The HVEM (TNFRSF14) receptor gene is among the most frequently mutated genes in germinal center lymphomas. We report that loss of HVEM leads to cell-autonomous activation of B cell proliferation and drives the development of GC lymphomas in vivo. HVEM-deficient lymphoma B cells also induce a tumor-supportive microenvironment marked by exacerbated lymphoid stroma activation and increased recruitment of T follicular helper (TFH) cells. These changes result from the disruption of inhibitory cell-cell interactions between the HVEM and BTLA (B and T lymphocyte attenuator) receptors. Accordingly, administration of the HVEM ectodomain protein (solHVEM(P37-V202)) binds BTLA and restores tumor suppression. To deliver solHVEM to lymphomas in vivo, we engineered CD19-targeted chimeric antigen receptor (CAR) T cells that produce solHVEM locally and continuously. These modified CAR-T cells show enhanced therapeutic activity against xenografted lymphomas. Hence, the HVEM-BTLA axis opposes lymphoma development, and our study illustrates the use of CAR-T cells as "micro-pharmacies" able to deliver an anti-cancer protein.

Funding information:
  • NIMH NIH HHS - T32 MH019983(United States)

Feeding State Modulates Behavioral Choice and Processing of Prey Stimuli in the Zebrafish Tectum.

  • Filosa A
  • Neuron
  • 2016 May 4

Literature context:


Abstract:

Animals use the sense of vision to scan their environment, respond to threats, and locate food sources. The neural computations underlying the selection of a particular behavior, such as escape or approach, require flexibility to balance potential costs and benefits for survival. For example, avoiding novel visual objects reduces predation risk but negatively affects foraging success. Zebrafish larvae approach small, moving objects ("prey") and avoid large, looming objects ("predators"). We found that this binary classification of objects by size is strongly influenced by feeding state. Hunger shifts behavioral decisions from avoidance to approach and recruits additional prey-responsive neurons in the tectum, the main visual processing center. Both behavior and tectal function are modulated by signals from the hypothalamic-pituitary-interrenal axis and the serotonergic system. Our study has revealed a neuroendocrine mechanism that modulates the perception of food and the willingness to take risks in foraging decisions.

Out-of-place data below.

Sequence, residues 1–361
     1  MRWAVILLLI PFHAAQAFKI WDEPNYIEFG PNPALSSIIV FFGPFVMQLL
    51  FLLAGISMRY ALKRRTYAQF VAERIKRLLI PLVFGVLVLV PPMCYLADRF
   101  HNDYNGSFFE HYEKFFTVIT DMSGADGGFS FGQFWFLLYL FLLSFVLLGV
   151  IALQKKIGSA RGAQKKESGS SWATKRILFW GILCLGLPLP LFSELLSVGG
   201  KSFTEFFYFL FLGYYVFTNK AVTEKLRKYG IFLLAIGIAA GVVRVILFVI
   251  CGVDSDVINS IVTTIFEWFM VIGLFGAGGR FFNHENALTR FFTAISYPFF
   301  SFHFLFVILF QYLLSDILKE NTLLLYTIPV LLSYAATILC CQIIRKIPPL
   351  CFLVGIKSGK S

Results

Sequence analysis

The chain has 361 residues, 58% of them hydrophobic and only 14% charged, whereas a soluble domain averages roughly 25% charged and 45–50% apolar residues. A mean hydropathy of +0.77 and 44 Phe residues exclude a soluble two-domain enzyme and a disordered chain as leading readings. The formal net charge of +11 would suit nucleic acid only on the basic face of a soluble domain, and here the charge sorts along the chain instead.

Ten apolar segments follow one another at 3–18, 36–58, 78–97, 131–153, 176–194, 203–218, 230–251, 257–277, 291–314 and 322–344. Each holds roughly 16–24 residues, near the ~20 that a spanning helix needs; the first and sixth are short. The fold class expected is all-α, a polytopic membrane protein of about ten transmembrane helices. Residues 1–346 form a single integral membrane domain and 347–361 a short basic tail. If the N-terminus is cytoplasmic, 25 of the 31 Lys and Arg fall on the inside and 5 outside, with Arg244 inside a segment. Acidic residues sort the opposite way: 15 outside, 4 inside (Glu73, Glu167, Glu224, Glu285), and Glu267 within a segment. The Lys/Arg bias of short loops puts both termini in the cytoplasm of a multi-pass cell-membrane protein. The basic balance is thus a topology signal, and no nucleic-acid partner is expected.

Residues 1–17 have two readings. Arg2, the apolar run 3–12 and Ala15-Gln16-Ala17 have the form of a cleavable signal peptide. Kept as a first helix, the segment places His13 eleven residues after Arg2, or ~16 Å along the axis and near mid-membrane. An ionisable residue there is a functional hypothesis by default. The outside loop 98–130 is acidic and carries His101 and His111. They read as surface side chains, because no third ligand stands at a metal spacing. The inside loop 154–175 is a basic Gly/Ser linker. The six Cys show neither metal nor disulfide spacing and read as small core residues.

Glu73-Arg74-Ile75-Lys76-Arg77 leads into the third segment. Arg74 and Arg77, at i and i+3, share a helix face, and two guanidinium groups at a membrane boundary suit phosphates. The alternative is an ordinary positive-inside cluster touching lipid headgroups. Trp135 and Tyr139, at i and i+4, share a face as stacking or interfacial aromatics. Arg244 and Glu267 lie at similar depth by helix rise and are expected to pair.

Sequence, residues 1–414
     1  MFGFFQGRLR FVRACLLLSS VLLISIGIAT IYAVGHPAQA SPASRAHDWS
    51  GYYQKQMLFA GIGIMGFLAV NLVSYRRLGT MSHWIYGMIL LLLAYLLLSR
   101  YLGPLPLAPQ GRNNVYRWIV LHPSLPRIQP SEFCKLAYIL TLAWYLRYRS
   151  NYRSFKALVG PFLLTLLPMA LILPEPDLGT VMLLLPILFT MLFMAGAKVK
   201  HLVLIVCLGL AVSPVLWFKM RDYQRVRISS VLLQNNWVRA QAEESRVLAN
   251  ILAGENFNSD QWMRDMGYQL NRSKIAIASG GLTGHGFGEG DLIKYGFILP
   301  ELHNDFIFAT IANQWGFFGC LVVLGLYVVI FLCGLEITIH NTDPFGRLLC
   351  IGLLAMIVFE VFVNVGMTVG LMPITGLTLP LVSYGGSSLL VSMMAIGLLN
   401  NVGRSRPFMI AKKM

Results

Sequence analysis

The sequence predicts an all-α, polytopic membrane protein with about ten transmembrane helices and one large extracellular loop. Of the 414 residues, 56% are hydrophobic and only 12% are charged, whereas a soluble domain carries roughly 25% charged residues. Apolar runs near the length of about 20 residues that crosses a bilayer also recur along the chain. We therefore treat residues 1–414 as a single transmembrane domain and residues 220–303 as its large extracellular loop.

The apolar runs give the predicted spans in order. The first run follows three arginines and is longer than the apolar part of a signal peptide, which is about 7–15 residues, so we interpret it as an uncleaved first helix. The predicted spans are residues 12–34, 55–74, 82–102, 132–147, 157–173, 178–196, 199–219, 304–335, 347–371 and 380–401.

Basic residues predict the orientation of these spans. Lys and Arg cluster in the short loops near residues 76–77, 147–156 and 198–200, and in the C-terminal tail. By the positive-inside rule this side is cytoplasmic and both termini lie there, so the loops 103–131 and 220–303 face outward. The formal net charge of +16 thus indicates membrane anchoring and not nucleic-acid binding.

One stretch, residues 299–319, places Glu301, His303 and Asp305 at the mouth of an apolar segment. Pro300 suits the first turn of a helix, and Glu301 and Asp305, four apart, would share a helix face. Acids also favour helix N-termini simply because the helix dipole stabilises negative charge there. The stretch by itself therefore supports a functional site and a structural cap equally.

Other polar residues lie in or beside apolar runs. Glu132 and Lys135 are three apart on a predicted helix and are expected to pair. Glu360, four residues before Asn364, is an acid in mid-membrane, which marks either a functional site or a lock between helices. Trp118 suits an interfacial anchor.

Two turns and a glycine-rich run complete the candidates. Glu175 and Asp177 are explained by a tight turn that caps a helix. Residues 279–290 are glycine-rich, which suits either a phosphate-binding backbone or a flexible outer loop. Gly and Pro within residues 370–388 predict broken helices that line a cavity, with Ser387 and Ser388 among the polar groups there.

Funding information:
  • NIGMS NIH HHS - T32 GM007250(United States)
  • NINDS NIH HHS - 1 ZIA NS003119 05(United States)

Dynamin Is Required for GnRH Signaling to L-Type Calcium Channels and Activation of ERK.

  • Edwards BS
  • Endocrinology
  • 2016 Feb 2

Literature context:


Abstract:

We have shown that GnRH-mediated engagement of the cytoskeleton induces cell movement and is necessary for ERK activation. It also has previously been established that a dominant negative form of the mechano-GTPase dynamin (K44A) attenuates GnRH activation of ERK. At present, it is not clear at what level these cellular events might be linked. To explore this, we used live cell imaging in the gonadotrope-derived αT3-1 cell line to determine that dynamin-green fluorescent protein accumulated in GnRH-induced lamellipodia and plasma membrane protrusions. Coincident with translocation of dynamin-green fluorescent protein to the plasma membrane, we demonstrated that dynamin colocalizes with the actin cytoskeleton and the actin binding protein, cortactin at the leading edge of the plasma membrane. We next wanted to assess the physiological significance of these findings by inhibiting dynamin GTPase activity using dynasore. We find that dynasore suppresses activation of ERK, but not c-Jun N-terminal kinase, after exposure to GnRH agonist. Furthermore, exposure of αT3-1 cells to dynasore inhibited GnRH-induced cyto-architectural rearrangements. Recently it has been discovered that GnRH induced Ca(2+) influx via the L-type Ca(2+) channels requires an intact cytoskeleton to mediate ERK phosphorylation. Interestingly, not only does dynasore attenuate GnRH-mediated actin reorganization, it also suppresses Ca(2+) influx through L-type Ca(2+) channels visualized in living cells using total internal reflection fluorescence microscopy. Collectively, our data suggest that GnRH-induced membrane remodeling events are mediated in part by the association of dynamin and cortactin engaging the actin cytoskeleton, which then regulates Ca(2+) influx via L-type channels to facilitate ERK phosphorylation.

Funding information:
  • NHLBI NIH HHS - T32 HL110952(United States)

Embryonic Poly(A)-Binding Protein (EPAB) Is Required for Granulosa Cell EGF Signaling and Cumulus Expansion in Female Mice.

  • Yang CR
  • Endocrinology
  • 2016 Jan 31

Literature context:


Abstract: